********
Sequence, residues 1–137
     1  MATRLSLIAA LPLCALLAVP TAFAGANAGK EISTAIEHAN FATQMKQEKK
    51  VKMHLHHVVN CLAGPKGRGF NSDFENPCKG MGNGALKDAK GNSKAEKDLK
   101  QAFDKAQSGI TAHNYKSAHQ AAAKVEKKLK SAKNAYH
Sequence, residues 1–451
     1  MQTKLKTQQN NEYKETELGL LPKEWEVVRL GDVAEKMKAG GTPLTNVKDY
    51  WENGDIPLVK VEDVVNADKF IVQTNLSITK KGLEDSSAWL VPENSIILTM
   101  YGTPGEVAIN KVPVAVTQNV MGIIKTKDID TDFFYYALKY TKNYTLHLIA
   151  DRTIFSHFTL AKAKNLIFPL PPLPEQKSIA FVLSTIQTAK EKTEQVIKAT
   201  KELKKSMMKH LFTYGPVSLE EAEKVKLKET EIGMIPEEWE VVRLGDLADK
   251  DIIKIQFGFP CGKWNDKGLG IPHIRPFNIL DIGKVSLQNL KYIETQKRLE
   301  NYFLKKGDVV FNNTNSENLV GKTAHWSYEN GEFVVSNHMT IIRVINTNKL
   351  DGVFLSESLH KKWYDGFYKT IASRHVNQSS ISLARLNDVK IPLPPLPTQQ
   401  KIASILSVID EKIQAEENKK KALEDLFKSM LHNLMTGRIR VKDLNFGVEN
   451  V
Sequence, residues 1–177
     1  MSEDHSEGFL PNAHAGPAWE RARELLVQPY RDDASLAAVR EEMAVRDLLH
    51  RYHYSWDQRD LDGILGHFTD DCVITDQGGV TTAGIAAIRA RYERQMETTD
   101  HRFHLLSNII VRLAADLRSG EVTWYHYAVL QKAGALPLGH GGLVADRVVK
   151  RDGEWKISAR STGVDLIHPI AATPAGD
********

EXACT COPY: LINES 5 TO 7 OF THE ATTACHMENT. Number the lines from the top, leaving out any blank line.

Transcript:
Sequence, residues 1–451
     1  MQTKLKTQQN NEYKETELGL LPKEWEVVRL GDVAEKMKAG GTPLTNVKDY
    51  WENGDIPLVK VEDVVNADKF IVQTNLSITK KGLEDSSAWL VPENSIILTM